Credit Agricole, HSBC, Munich Re, Standard Chartered and Swiss Re have joined with The Climate Group to launch a new code, dubbed “The Climate Principles,” to guide best practices for financial institutions to deal with climate change.
If the name sounds familiar, that’s because “The Carbon Principles” is the name Bank of America, J.P. Morgan Chase, Citigroup, Morgan Stanley, Credit Suisse, and Wells Fargo use for the principles launched in February to provide a consistent approach for banks and their U.S. power clients to evaluate and address carbon risks in the financing of electric power projects – they’ve been touted as principles that make it tougher for investor-owned utilities to get financing for coal-fired power plants.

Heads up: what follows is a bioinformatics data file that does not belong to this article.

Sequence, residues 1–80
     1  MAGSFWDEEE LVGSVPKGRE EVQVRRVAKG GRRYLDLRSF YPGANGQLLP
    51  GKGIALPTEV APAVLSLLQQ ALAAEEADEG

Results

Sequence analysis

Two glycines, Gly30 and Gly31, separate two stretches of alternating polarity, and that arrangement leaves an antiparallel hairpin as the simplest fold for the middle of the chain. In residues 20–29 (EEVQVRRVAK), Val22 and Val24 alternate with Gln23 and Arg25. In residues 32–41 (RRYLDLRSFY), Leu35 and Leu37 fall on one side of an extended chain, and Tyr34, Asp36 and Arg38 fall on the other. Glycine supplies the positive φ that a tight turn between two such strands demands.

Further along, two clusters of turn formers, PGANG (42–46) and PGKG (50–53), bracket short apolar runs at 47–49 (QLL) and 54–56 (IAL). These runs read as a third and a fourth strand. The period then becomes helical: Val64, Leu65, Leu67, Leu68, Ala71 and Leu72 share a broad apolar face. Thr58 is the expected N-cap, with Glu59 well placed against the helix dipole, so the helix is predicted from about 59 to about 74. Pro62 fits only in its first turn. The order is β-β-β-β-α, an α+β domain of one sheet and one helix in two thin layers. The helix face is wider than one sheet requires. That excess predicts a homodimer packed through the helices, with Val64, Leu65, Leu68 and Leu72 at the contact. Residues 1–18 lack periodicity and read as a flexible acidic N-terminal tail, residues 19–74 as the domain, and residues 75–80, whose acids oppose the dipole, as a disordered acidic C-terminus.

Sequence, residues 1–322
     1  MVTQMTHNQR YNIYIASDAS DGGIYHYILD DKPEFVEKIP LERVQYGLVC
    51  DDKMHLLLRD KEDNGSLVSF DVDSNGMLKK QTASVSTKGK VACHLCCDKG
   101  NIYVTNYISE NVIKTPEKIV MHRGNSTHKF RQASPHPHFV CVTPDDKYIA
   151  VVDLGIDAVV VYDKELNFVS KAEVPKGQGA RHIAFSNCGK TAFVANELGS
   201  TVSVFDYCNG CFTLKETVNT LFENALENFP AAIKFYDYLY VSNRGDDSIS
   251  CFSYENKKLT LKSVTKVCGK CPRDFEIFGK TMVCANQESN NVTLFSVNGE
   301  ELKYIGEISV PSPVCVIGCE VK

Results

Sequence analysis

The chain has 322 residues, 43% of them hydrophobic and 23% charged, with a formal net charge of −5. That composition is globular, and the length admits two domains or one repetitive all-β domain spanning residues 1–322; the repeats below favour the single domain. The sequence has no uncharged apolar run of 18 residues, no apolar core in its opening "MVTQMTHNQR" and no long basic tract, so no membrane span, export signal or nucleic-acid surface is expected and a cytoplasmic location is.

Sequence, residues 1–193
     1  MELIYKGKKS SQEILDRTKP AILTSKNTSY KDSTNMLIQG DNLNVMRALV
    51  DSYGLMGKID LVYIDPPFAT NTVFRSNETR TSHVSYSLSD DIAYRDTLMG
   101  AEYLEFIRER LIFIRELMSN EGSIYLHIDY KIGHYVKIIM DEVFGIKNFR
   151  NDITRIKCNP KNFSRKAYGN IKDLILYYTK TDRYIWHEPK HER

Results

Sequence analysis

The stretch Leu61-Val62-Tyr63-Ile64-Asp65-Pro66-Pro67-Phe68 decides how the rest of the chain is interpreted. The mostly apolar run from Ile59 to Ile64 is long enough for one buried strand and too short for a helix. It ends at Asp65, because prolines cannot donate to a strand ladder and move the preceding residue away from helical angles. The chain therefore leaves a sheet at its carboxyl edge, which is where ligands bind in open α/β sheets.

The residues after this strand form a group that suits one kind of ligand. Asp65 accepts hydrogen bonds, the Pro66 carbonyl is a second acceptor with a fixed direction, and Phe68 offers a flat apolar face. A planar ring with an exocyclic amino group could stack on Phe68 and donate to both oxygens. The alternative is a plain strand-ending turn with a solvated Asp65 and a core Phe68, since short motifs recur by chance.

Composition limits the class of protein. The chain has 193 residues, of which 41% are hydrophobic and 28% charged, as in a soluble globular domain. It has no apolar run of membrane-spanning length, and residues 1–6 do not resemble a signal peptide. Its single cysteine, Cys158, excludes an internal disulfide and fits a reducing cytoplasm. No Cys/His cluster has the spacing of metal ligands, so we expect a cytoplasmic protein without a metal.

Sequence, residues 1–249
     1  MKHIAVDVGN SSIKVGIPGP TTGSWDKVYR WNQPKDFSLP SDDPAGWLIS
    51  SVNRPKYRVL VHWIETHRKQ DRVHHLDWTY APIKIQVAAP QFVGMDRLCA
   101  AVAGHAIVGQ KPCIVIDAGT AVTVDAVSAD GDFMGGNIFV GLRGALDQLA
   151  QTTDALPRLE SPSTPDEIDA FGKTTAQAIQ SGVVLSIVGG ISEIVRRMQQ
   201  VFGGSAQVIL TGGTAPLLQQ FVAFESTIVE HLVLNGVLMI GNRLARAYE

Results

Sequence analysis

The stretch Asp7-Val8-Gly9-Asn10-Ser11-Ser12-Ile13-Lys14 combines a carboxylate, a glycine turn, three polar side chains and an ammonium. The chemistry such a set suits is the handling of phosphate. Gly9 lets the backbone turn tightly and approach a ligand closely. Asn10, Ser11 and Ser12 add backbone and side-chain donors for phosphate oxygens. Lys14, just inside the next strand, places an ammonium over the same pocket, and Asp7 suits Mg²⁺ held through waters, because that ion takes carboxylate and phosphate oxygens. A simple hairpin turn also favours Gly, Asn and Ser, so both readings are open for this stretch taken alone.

Ethical Corporation made an interesting point in its coverage of the new group. Even though around 20 financial institutions helped to develop the principles, just five felt able to go public with their commitment to the framework, which might indicate that banks are wary about making environmental promises during the current global market turmoil.
Francis Sullivan, from HSBC and Chair of The Climate Principles said, “Signatories will incorporate carbon and climate risk into their research activities and investment decisions, engage with clients to understand climate risks and opportunities and develop products and services that support them in managing those risks and exploiting those opportunities.”
(This article has been corrected to indicate the correct name of the U.S. banking group, “The Carbon Principles.” The new group does not have the same name, as indicated by the earlier version of the article.)